I have done some things today. The first thing that I did today was that I woke up. Next, I went to the drug store and to the grocery store. At the drug store I got medicine for my wife and at the grocery store I got food for my wife. I got split pea soup and I got ramen noodles. I got them for my wife because she is sick. I am sad that she is sick. But it is okay because Olive The Pug - cannonball bug, little black cub, bear you can hug - took care of her while I wrote an obituary for a magazine. It was for Owen Prater, who was a really great guy and a really great poet. I miss him a lot. A lot of other people miss him a lot too. I cannot wait to see what he wrote right before he died. After I got medicine and food for my wife, I cleaned the kitchen. It took a long time. Then I set aside all the clothes that we are going to sell. We are going to sell clothes so that we can buy more clothes. I need new clothes because I am getting bigger in my tummy. All in all I have had a really good day. I hope I get to have more days like this because I am happy. I like to be happy.
         I left out the part about swooshing her oral analgesic in my mouth. (I wanted to find out what smoking a cigarette outside a dentist’s office feels like. I was thoroughly underwhelmed.)
         Around 3:30 the Times sends me a breaking news alert e-mail. Two bombs have gone off at the finish line of the Boston Marathon. I balk at first, but end up watching the explosion on Russia Today. When I was a child, I venture to say that the notion of someone videoing such an event, and by coincidence, would be called a damned silly notion. How things have changed; if someone told me today, “information super highway,” or “Wash your hands after you touch your penis,” I’m not so sure I’d know what to say to them.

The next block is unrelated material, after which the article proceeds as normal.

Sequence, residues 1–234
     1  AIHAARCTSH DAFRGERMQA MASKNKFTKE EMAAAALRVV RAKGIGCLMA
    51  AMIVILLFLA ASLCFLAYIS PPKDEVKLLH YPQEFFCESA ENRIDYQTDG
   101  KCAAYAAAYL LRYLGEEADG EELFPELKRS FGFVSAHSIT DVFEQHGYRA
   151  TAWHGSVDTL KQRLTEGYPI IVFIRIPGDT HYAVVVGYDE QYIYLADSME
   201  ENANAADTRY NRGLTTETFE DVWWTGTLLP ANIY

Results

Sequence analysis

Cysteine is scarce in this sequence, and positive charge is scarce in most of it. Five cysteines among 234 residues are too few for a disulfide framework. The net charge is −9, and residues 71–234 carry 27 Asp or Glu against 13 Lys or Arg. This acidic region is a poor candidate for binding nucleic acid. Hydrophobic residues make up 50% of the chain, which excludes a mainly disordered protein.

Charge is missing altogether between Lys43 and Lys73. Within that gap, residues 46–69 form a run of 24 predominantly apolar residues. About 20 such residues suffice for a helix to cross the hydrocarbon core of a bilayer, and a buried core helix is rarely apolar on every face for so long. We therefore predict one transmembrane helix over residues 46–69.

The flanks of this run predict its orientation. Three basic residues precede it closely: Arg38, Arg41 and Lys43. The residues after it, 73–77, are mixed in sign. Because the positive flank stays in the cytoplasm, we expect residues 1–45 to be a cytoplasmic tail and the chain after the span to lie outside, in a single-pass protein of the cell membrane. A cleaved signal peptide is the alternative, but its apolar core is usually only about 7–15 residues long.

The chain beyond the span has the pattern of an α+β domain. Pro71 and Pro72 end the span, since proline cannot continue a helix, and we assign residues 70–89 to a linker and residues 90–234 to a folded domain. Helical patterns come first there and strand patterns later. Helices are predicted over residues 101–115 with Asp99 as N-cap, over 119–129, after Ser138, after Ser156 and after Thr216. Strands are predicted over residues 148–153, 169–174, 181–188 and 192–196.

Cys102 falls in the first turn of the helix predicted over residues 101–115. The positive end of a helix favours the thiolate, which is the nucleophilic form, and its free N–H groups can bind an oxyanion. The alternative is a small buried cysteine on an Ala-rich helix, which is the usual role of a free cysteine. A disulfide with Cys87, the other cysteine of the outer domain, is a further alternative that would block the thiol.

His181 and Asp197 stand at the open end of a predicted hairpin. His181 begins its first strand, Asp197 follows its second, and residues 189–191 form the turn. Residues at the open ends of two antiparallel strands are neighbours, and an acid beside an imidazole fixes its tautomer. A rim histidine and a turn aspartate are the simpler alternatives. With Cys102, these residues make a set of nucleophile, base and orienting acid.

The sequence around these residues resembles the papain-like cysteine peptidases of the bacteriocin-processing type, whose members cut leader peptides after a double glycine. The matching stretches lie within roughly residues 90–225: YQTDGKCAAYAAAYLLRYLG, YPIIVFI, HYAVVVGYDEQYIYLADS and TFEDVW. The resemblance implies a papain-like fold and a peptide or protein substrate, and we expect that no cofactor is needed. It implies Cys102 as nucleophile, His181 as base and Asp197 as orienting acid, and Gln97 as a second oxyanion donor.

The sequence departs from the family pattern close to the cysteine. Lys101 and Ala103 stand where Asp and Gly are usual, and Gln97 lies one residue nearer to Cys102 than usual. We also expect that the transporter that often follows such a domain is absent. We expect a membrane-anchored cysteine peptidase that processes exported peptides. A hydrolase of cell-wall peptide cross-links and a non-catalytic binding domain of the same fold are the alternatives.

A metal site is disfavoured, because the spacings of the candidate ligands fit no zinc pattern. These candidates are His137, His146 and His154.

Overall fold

I wonder whether we’ll look back on this and laugh. Of course, I can’t recite any jokes about September 11th, 2001 or April 20th, 2000. No one jokes about April 19th, 1995 – bombed a fucking daycare, the coward. And hardly anyone can remember December 7th, 1941 anymore. But here goes. ‘I finished the Boston Marathon and all I lost was this lousy leg.’ I don’t pretend to know what the doers deserve, but I personally would like to see a bounty hunter, or a clerk at the DMV, make the asshole run like hell. I hereby sentence you to death by wind sprints. Papa would have gone with ‘death by squats.’
         “Looked like a pretty wimpy explosion to me,” he answers.
         “No, I mean who do you think did it?”
         “Oh, some right-wing kooks,” he says.
         “Me too. It’s tax day.”